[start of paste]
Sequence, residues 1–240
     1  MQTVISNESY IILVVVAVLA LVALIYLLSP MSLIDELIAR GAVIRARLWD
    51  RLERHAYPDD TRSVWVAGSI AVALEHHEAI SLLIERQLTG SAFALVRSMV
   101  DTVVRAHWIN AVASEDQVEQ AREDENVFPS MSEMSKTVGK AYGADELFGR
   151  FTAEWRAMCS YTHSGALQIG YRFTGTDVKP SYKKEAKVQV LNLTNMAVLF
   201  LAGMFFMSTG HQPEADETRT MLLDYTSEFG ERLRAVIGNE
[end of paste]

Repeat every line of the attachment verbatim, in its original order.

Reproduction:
Sequence, residues 1–240
     1  MQTVISNESY IILVVVAVLA LVALIYLLSP MSLIDELIAR GAVIRARLWD
    51  RLERHAYPDD TRSVWVAGSI AVALEHHEAI SLLIERQLTG SAFALVRSMV
   101  DTVVRAHWIN AVASEDQVEQ AREDENVFPS MSEMSKTVGK AYGADELFGR
   151  FTAEWRAMCS YTHSGALQIG YRFTGTDVKP SYKKEAKVQV LNLTNMAVLF
   201  LAGMFFMSTG HQPEADETRT MLLDYTSEFG ERLRAVIGNE